Tag Archives: Ahmedabad

DRAWING TO FIND OUT [05]: SHUBHRA RAJE

Shubhra Raje, principal architect of shubhra raje_built environments closely engages with different drawing practices within her studio. By excavating and analysing visual material in Shubhra’s studio, we attempt to decipher the draftsmanship cultures, their relationship with the design process and the way in which they inform her practice.


Images and Drawings: Courtesy Shubhra Raje
Author: Vedanti Agarwal
Curation and Film: Matter.

Shubhra Raje’s practice emphasizes the act of drawing as a means of critical thinking. Her rigorous drawing habit traces back to schooling years at CEPT University, where drawing by hand was ingrained in the academic rigour. However, her perceptions on the necessity to draw as a mode of thinking (as against drawing to represent) evolved through learnings during her time at the Cornell University. Representational drawings command a style that is conscious of its viewers. Design-thinking drawings are undisturbed collaterals between the engaged hand and the searching mind, oblivious of another eye. The scale of Shubhra’s practice enables her to engage with all stages of drawing in the design development process.

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TRIBUTE: Hasmukh C. Patel, (7 December 1933 – 20 January 2018) by RIYAZ TAYYIBJI

Riyaz Tayyibji writes about the significance of the work and legacy of Hasmukh C. Patel remembering him for his unique oeuvre and his ability to design humane spaces of delight.  


For the last decade and more, I have called a place designed by Hasmukh C. Patel; ‘Home!’

My apartment is on the ‘4th Floor’, which happens to be the eighth level, as each apartment is a duplex with rooms organized around a double height living room. A large balcony overlooks a public park and a sculptural stair physically connects the rooms. There are days when we forget we are living seventy feet above the street- there is something grounded about the way the apartment works. Our children often refer to our lowest bedroom as ‘the basement’. There is no sense of disconnection, no sense of the typically isolated
apartment. This is not a ‘flat’ that is born from Continue reading TRIBUTE: Hasmukh C. Patel, (7 December 1933 – 20 January 2018) by RIYAZ TAYYIBJI

Indigo Architects: Mausami and Uday Andhare

Drawing to Find Out [04]

For Uday and Mausami Andhare, the process of sketching and drawing by hand pivots the design process as they work through the layers of an often messy path to architectural resolution. Looking through a cross-section of the rich visual material produced as a result, we attempt to capture the many purposes of drawing at Indigo Architects.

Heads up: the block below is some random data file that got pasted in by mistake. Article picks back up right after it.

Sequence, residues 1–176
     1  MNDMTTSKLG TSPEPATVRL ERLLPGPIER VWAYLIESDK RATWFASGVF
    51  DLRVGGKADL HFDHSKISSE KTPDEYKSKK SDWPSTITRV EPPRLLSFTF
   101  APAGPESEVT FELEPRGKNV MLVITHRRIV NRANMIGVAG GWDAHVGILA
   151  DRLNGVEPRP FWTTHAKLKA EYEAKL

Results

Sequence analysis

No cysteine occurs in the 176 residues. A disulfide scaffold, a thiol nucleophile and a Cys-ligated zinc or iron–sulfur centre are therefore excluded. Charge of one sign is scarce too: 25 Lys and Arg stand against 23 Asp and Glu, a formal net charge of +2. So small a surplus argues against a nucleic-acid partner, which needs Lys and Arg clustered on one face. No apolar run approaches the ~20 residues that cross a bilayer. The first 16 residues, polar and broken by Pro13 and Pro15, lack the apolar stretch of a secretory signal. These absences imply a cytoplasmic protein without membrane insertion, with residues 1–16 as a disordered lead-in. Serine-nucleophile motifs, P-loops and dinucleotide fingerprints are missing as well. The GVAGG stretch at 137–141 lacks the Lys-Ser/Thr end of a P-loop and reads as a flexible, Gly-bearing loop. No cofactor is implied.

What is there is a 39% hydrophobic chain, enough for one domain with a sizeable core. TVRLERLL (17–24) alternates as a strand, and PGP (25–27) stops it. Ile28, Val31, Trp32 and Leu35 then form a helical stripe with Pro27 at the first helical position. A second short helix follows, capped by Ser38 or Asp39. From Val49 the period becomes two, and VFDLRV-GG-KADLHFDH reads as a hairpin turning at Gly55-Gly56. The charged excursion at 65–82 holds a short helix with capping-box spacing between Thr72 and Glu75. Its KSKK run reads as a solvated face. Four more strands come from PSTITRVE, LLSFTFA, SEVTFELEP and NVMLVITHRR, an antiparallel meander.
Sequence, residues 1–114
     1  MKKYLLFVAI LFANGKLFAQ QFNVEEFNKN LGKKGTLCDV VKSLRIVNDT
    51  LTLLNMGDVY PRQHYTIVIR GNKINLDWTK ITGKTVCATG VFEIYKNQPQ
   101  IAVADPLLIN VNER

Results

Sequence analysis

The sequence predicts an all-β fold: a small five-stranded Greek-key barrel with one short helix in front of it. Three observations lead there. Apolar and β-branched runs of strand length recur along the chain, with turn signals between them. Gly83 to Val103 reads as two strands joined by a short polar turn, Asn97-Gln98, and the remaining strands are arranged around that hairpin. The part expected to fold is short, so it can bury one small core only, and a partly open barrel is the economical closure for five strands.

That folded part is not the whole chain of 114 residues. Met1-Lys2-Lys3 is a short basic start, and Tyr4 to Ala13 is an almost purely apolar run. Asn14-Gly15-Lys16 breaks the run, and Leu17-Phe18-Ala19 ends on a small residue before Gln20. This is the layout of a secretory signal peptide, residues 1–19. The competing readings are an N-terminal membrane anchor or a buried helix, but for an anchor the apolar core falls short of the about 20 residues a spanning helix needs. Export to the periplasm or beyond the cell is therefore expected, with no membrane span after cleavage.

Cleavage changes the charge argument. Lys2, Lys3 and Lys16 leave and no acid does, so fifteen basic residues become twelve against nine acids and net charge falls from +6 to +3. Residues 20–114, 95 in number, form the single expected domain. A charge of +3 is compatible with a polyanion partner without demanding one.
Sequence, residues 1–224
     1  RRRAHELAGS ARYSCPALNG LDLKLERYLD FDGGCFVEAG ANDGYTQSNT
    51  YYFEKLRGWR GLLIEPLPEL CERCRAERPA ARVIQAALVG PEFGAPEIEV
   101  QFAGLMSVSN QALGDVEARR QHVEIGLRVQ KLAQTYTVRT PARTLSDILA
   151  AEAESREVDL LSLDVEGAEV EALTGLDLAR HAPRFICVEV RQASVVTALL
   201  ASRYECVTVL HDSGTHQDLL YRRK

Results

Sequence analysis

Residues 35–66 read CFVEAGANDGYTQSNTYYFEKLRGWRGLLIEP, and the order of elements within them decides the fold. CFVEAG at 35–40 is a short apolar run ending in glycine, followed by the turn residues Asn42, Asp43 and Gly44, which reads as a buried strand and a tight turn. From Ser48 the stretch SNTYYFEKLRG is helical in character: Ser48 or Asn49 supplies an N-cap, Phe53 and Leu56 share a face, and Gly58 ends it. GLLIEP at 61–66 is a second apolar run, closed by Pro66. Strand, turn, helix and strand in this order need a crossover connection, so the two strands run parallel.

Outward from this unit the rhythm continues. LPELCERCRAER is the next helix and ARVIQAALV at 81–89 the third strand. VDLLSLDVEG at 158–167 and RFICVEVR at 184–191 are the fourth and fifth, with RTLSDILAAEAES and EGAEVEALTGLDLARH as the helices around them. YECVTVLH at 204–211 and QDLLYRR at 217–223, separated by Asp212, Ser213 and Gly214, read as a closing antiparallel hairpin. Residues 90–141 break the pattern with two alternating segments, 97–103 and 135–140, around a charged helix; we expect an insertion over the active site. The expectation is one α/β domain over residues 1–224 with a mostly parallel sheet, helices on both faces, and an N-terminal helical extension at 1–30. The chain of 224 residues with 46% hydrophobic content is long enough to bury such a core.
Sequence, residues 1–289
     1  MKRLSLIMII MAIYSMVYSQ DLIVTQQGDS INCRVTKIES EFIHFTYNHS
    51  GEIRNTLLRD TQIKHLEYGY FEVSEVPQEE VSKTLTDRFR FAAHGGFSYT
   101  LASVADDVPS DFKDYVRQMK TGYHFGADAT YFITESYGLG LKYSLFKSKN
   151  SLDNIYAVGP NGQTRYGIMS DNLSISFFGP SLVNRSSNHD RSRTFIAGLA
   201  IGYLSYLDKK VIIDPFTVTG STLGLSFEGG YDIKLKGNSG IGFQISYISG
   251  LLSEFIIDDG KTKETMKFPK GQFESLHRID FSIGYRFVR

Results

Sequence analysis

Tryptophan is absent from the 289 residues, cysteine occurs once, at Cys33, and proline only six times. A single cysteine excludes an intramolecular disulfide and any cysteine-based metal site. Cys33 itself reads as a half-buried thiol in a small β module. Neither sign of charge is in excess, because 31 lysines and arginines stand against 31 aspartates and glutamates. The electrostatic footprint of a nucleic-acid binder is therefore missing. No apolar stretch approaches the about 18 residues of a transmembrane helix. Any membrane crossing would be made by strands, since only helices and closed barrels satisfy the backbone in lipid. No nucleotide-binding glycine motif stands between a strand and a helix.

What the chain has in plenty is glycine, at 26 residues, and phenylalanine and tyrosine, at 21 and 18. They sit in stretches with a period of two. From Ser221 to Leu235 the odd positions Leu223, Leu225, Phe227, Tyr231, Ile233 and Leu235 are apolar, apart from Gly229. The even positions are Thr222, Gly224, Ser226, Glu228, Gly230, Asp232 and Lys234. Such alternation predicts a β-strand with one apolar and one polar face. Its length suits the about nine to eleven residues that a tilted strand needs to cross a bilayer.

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The Architecture of Hasmukh C. Patel : Selected Projects 1963-2003

With a career spanning four decades and a self-made legacy of some of the most significant works of Independent India, Hasmukh C. Patel’s architecture speaks volumes about the architect he embodies and the grit he possesses. A narrative of his personal and professional journey – the book showcases select 51 projects that summarise Patel’s architectural idiom in its entirety.

Book Cover: Looking between the expressed columns and the main wall of the front facade while entering the Newman Hall in Ahmedabad,1963
Book Cover: Looking between the expressed columns and the main wall of the front facade while entering the Newman Hall in Ahmedabad,1963

“…………………The human being is at the centre of my creative efforts…………………This is the only thing I understand and the only thing I practice.” – Hasmukh Patel Continue reading The Architecture of Hasmukh C. Patel : Selected Projects 1963-2003

Balkrishna Doshi: An Architecture for India

Written by William J. R. Curtis.

An engaging reprint of the seminal book by Curtis takes us through the experiments of the defining years of Doshi‘s practice – a practice that has presented us with some of the most challenging axioms and paradoxes of modern architecture in India and eventually – ‘an Architecture for India‘.

Book Cover
Book Cover

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No Museum for Architecture

by Ruturaj Parikh

A reaction to William JR Curtis‘s piece on India’s Modern Heritage titled ‘Nothing is Sacred.

I have grown up with modern architecture. As a child in Ahmedabad, my father used to take me to climb trees in CEPT campus and play cricket in IIM (which then had no compound wall) while vultures lined the water tank with the fake arch. I have known the Sanskar Kendra to host some nice exhibitions although as a child I never used to like the space. I was taught in architecture to consider it sacred. I am not a fan. Continue reading No Museum for Architecture

Protecting Modern Masterpieces in India

A Conversation between William J.R. Curtis and an Unknown Indian.

UI  You are known around the world as a historian and critic of architecture who defends quality against mediocrity, and who maintains a long view of events. In a recent article, ‘Nothing is Sacred: Threats to Modern Masterpieces in India’, (Architectural Review, April 2014)*, you have sounded the alert about the vulnerability of major works in India such as those by Le Corbusier and Louis Kahn in Ahmedabad, and of course those by Le Corbusier in Chandigarh. Subsequently in the Times of India you have argued in favour of the legal definition and defence of modern architectural heritage. What are these threats and what can be done to protect these universal masterpieces of modern architecture? Continue reading Protecting Modern Masterpieces in India